The first discrepancy is  that at this point Mr. Johnson is off topic. What started as an overview of Twitter suddenly takes a sharp turn into cheerleading. Equating Twitter to the superiority of USA ingenuity is a bit of a stretch. The next discrepancy Mr. Johnson fails to recognize is that the if he mentions (i.e., “but if you measure…”) is a big if. Twitter is not the cure for cancer. Mr. Johnson then nose dives in the final paragraph.

This is what I ultimately find most inspiring about the Twitter phenomenon. We are living through the worst economic crisis in generations, with apocalyptic headlines threatening the end of capitalism as we know it, and yet in the middle of this chaos, the engineers at Twitter headquarters are scrambling to keep the servers up, application developers are releasing their latest builds, and ordinary users are figuring out all the ingenious ways to put these tools to use. There’s a kind of resilience here that is worth savoring. The weather reports keep announcing that the sky is falling, but here we are — millions of us — sitting around trying to invent new ways to talk to one another.

Read another way, Rome is burning and we just keep tweeting. And that’s a good thing? Are there benefits to Twitter? Of course there are. AU is certainly not anti-technology or anti-progress. We use Twitter, too. What we are is anti-hype. Bring together 17 million people, let them throw enough tweets around and eventually there are bound to be a couple success stories. The question is, how much time and effort was wasted to get to those one or two miracles?

Twitter is  a great tool and it can be fun but it’s hardly sliced bread.

Coke adds choice to life – Another perspective

“Global CIO: Six Lessons CIOs Must Learn From Coke’s Dazzling Innovation” by Bob Evans (Information Week, 22 June 2009). A couple weeks ago we did a  post about Coke’s new drink dispenser called Freestyle. Mr. Evans celebrates Coke’s innovation but approaches it from a different perspective, that of the CIO.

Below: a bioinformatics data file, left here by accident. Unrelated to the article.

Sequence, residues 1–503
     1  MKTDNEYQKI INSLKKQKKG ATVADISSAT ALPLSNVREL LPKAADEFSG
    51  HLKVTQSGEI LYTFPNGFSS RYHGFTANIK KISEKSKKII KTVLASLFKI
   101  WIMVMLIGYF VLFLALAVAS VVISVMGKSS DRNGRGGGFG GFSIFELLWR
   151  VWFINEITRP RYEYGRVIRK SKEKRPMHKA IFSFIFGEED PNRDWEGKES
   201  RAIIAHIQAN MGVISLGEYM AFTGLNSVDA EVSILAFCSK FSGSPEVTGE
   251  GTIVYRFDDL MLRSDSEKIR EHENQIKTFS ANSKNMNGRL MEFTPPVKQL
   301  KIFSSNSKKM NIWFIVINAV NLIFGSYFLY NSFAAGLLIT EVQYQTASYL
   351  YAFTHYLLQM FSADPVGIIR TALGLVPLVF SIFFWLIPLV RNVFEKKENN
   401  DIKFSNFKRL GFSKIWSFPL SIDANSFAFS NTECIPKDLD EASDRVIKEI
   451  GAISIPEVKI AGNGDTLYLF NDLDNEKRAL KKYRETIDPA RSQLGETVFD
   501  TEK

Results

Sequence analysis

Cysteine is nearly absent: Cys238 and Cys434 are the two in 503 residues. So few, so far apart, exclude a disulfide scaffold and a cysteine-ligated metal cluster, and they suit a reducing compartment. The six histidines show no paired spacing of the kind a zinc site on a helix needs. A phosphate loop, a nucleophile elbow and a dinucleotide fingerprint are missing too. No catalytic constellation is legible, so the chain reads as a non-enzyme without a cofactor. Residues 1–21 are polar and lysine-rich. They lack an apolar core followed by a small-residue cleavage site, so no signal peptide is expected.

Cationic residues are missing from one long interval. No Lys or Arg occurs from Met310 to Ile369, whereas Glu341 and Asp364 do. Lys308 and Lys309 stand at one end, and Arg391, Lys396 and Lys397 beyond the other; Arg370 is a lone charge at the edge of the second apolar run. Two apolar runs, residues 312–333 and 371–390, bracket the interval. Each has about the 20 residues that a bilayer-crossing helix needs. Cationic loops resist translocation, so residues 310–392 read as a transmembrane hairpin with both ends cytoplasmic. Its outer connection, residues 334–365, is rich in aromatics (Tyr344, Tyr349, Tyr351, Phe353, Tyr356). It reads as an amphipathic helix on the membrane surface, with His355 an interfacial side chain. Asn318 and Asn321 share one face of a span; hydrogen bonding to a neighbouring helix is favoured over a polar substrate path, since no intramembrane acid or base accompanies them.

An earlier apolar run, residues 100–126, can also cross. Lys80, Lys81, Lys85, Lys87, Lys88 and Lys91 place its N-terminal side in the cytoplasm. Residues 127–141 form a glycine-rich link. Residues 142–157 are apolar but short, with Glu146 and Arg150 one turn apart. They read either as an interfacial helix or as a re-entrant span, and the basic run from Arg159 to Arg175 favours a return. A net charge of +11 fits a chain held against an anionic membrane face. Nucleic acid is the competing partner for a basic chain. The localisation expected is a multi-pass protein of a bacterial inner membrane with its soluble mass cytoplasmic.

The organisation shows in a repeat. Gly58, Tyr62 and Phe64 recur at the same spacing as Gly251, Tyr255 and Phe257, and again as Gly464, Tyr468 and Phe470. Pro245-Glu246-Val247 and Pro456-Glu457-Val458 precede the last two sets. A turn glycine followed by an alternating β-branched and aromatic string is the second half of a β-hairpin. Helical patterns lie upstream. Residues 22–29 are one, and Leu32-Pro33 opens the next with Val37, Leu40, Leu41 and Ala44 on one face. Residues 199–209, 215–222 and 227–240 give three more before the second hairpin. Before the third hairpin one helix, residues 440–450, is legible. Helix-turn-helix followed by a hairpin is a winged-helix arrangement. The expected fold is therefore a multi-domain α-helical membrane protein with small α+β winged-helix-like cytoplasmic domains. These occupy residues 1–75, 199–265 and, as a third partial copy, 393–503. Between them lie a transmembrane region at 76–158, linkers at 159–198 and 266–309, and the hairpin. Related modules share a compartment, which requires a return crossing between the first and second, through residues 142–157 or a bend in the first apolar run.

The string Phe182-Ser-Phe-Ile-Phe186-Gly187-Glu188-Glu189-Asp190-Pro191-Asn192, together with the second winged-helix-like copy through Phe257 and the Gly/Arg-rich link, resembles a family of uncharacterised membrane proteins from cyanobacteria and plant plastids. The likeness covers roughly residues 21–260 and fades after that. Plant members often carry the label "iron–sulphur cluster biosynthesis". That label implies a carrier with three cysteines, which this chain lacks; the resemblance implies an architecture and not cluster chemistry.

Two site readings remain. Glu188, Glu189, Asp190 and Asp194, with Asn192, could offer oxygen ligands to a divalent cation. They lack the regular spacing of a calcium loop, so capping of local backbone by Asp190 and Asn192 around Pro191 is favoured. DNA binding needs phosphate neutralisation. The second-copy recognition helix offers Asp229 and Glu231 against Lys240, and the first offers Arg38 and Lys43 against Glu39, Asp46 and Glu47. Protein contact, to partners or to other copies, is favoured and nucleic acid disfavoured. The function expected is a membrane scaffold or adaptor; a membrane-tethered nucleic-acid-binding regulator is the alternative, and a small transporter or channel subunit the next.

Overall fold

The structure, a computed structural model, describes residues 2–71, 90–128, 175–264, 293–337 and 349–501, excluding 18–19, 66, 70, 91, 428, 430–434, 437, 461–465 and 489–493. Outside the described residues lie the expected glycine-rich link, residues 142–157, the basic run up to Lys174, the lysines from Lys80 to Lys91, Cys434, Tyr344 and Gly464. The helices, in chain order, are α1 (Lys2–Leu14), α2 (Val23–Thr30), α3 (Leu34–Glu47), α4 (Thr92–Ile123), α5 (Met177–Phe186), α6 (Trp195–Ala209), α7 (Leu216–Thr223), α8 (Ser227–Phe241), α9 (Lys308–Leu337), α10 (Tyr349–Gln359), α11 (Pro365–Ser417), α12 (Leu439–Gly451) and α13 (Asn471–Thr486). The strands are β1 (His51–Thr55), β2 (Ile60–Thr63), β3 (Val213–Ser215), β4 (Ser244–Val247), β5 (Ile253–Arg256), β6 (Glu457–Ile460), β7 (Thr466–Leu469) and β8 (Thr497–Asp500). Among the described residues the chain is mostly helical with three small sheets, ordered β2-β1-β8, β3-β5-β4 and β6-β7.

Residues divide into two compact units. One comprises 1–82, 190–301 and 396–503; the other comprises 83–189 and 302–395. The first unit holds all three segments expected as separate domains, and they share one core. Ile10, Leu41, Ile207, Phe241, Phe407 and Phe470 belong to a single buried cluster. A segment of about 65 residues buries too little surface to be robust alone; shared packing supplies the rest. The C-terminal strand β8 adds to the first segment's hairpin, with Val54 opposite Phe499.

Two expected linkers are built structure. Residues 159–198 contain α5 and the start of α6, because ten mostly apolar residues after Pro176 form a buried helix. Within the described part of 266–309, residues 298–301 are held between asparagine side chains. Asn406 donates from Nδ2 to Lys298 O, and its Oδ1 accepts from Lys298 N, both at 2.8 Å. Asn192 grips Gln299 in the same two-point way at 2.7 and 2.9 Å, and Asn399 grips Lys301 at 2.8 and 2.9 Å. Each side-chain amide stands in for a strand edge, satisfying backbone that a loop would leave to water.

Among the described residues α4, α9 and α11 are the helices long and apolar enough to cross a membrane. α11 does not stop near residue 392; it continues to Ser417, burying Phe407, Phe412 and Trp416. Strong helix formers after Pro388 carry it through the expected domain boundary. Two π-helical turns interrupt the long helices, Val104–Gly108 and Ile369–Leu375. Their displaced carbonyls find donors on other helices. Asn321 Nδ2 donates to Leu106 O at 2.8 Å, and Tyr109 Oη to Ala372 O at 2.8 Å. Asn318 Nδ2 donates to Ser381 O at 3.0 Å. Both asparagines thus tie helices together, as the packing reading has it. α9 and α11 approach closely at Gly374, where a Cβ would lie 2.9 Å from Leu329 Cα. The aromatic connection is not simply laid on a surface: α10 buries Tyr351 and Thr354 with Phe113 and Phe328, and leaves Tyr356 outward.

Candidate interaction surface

The bottom line is that this effort took management commitment, getting the right team together, and then teamwork within that group. Very simple. Very effective. And a great lesson for the rest of us.

Changing the game

“Customer Loyalty Program Goes Beyond Discounts and Coupons” By Jarina D’Auria (CIO Mag, 15 June 2009). This is brilliant! Stop whatever you’re doing and read it now. Read it twice, it’s short. As a teaser here’s a pull quote from Haggen’s Chief Information Officer Harrison Lewis:

“We wanted to redefine the game because we believe this is a competitive advantage for us and we wanted things that really would benefit our guests,” Lewis says. By creating an experience different and easier than that of other supermarkets, Lewis believes customers will bring in more business for the company.

and another bit from the last paragraph:

Members of the Haggen staff took the time to hear the opinions of customers before implementing the program by holding a panel to discuss their preferences about supermarket shopping. “We wanted [the program] to make the experience easier for them to shop in our stores,” says Lewis. “We respect our guests and their time.”

Makes you want to pick up and move to Bellingham, Wash.

Coke adds choice to life

“Coke’s RFID-Based Dispensers Redefine Business Intelligence” by Mary Hayes Weier (Information Week, 8 June 2009) Don’t let the geeky title scare you. Put yourself in the shoes of a Coke guest and read between the lines. This a perfect example of the shift in expectations that’s being driven by the empowerment guest now enjoy as a result of “technology”. Offline or online is not important. What is important is the experience. As much we hate to tip our hats to high frutose corn syrup & water, Kudos to Coke for this effort.

Our guess is that eventually Coke will link all the machines so that instead of having to reenter your custom flavour everytime you’ll be able to enter your own code and the Freestyle machine / network will take care of the rest. There’s also the possiblity of integrating the machines with a web site (or social network widget) and letting people share their custom flavours. Similar to Abobe’s Kuler (http://kular.adobe.com) but slightly  different.

The best way to win the game is to change the game